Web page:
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From: Timothy Troxel Sent: Tue, Jan 19, 2010 at 11:40 PM Subject: Haiti Team Update
I thought it would be good to give an update on our trip out of Haiti. We were very fortunate to be able to fly back on planes that had brought in medical supplies and doctors. This was on Sunday morning. These planes were arranged in conjunction with a Mission from the Bahamas. Many or all of the pilots and planes were volunteered from private pilots in the states. We flew on a Cessna 340, a couple of Baron's and one that I didn't catch the type. We were able to get 9 from another group and then ten of the 13 from our group out in the first flight to Inagua. We did not have to fly through Cap Haitian, but they had flown through Cap on the way down. When we got to Inagua, we went through Bahamian customs and the planes were refueled. They sent a 182 and another plane back to pick up the remaining 3 from our group and several others.
The rest of us flew to Nassau where we waited for the other 3. It was to late to get to Miami so we found a hotel for the night. The Methodist Mission group even provided us with a nice meal. On Monday, we flew to Miami on to different flights. We split as our group was from different areas of the country and some of us were able to make it back by Monday night and six had airline challenges that required them to stay in Miami until Tuesday. They got back Tuesday evening.
I had a business trip so I had a whirlwind day and flew out to Salt Lake City and on to San Diego on Wednesday afternoon.
The Haiti situation.
Since coming back, I have gotten just a little bit of coverage and it is decent although it shows how little is understood about a day in the life of a typical Haitian. I thought I would give a little more information. Haiti is a place that needs tremendous help, even without the Earthquake. I believe it was 2008 where they saw four Hurricanes hit the Island in one summer. They have 8.5 - 9 million people there and an economy of about $2.4 billion. The average income of a Haitian is $400 per year, they have 80+% unemployment, and a relatively unstable environment.
They have had oppressive government and really do not have a government that cares about their people at all. Basically, in a nutshell, the Haitian culture is to survive. They don't think of next week or next month, they think of where will my next meal come from. They are steeped in Voodoo, are largely illiterate, and have a lot of what we would consider to be uneducated superstitions. Many of these things contribute to the plight of Haiti.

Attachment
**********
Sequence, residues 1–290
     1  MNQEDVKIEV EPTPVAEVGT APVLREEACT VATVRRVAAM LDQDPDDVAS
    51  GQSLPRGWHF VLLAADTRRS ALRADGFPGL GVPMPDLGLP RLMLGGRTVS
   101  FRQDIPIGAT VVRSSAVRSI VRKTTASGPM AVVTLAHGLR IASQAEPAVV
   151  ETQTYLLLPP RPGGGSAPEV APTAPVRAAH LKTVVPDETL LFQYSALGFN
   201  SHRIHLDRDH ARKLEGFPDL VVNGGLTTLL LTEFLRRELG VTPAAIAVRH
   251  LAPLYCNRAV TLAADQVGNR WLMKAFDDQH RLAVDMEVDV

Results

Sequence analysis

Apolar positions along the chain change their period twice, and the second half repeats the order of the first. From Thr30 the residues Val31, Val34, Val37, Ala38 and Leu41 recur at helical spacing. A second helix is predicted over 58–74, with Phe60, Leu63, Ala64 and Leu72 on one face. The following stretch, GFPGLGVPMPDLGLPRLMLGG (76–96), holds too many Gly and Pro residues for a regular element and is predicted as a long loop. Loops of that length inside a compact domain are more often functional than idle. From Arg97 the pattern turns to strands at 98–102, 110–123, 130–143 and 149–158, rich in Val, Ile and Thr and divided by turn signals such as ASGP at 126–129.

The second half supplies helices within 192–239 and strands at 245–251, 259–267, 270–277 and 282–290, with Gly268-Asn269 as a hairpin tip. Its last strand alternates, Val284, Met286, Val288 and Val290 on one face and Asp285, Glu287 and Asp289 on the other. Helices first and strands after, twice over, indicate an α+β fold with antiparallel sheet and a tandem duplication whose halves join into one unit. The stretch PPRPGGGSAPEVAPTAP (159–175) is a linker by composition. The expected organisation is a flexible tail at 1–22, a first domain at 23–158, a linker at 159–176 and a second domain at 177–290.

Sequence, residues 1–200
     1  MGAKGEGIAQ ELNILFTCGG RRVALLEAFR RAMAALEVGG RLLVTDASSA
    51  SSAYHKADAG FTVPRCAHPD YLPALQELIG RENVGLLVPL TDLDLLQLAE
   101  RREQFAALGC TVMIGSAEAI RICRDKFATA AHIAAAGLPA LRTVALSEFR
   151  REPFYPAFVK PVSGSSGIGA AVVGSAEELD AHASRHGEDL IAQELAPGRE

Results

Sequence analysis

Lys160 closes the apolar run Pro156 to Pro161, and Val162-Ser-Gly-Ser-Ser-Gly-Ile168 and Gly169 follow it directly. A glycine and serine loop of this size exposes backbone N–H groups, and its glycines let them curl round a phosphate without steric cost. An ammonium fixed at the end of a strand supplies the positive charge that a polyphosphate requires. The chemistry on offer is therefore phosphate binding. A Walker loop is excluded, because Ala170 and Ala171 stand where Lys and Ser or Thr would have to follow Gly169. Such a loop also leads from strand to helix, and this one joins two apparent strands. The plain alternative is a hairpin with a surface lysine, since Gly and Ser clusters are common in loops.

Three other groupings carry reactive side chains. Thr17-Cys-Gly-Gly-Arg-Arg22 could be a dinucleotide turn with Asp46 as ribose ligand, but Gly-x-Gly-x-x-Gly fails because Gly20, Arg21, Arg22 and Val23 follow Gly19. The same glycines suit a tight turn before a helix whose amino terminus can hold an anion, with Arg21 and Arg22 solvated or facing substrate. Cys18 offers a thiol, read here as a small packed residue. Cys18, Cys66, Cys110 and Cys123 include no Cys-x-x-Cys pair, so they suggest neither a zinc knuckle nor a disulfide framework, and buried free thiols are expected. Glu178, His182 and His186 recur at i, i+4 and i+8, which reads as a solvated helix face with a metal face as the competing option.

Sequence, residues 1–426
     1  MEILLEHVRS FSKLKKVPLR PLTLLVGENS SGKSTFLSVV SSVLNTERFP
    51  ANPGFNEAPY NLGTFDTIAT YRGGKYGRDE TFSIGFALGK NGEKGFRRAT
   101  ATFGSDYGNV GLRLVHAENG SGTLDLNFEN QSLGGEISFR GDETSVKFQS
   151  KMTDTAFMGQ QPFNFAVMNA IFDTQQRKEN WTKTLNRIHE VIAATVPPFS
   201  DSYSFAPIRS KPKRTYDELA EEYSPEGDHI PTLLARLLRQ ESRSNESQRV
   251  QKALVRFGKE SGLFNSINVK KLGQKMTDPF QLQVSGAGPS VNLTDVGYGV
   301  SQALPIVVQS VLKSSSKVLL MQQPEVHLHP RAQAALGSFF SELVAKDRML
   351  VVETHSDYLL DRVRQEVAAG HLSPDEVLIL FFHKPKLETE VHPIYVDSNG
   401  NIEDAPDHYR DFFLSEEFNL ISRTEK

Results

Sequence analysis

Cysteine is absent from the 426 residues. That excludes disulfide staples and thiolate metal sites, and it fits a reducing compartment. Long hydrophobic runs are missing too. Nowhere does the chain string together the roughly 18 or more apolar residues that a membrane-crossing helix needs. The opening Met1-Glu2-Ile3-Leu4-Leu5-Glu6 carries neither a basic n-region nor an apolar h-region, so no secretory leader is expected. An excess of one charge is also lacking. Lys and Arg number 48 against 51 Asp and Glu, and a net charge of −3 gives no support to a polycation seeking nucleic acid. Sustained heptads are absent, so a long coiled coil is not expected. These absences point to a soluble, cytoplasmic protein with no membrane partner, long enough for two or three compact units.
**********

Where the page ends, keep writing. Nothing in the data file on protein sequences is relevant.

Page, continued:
The areas we work in when down there are primarily the following:
Construction of roofs of schools and churches. - Our particular way is requiring the community to build the walls and then we give them a roof which is the most difficult and dangerous portion. Our teams come in which also gives the American teams a genuine taste of Haiti as we live among them. Most importantly, it shows the love of Jesus in action and has helped the churches to evangelize.
Well Drilling - provides fresh water in a country where people bathe, wash, and drink the same water.
SEED - Teaches the Haitian people how to farm with more productive and soil saving techniques.
My first trip to Haiti was in 1997, I believe. The good news is that I have seen noticeable improvements in some of the infrastructure. This earthquake will set them back, who knows how long, but they will continue to push forward.
Please continue to pray for the missionaries that remain down there, the rescue workers, and the Haitian people.
Thank you so much for the prayers, concern, and the love that has been shown throughout our trip. Thanks to all that were involved in helping us get out. And thanks to the many volunteers and professionals working in Haiti through this disaster. We have seen first hand how our God loves us, cares for us, and guides each of us if we seek him and walk as his children.
From: Timothy Troxel Sent: Friday, January 15, 2010 10:51 AM Subject: Haiti Team Update
Greetings to all in the name of our Lord,
As you all know, today was the day we had originally planned on leaving Haiti. I know you are probably getting information in bits and pieces so this email is to give as complete an update as we can. We are very thankful for the Lord's providence. As just one example, there was a sea container that arrived last Saturday with a lot of sheets, crutches, soaps, and other personal items. When it arrived, they were not sure exactly where it was going to go, but knew they would be able to find a place. Then the earthquake happened and friends in Christianville near Port requested a list of items. It matched up with much of what was in the container. We are truly grateful to be safe and rest in his hands.
I have just bullet pointed items below:
We are safe in Les Cayes which is in the southwest portion of the island. We are staying at the guest house near the missionary compound.
A load of supplies was sent to the affected earthquake area.
A group was going to leave this morning was going to go, but was encouraged not to due to safety. Haitian drivers are taking the supplies. We foreigners are staying in.
Airspace in Haiti is restricted. Nothing is flying in and out of Les Cayes and very little in and out of Port au Prince. Mission Flights International (MFI) is flying limited flights out of Cap Haiti in the north to extract people.
To get to cap by driving, we would need to go through Port and it would be a very long drive if we can get there at all via roads.
Getting diesel is getting very difficult. Long lines are forming and stations run out. Supply lines are not running.
Flights are available out of Dominican Republic, however, to get there via driving, we must go through Port and it is also a very long way. Also crossing the border is an unknown.
The earliest AA flight out of Port is the 22nd, if they are able to keep the schedule and do not have to push it back further.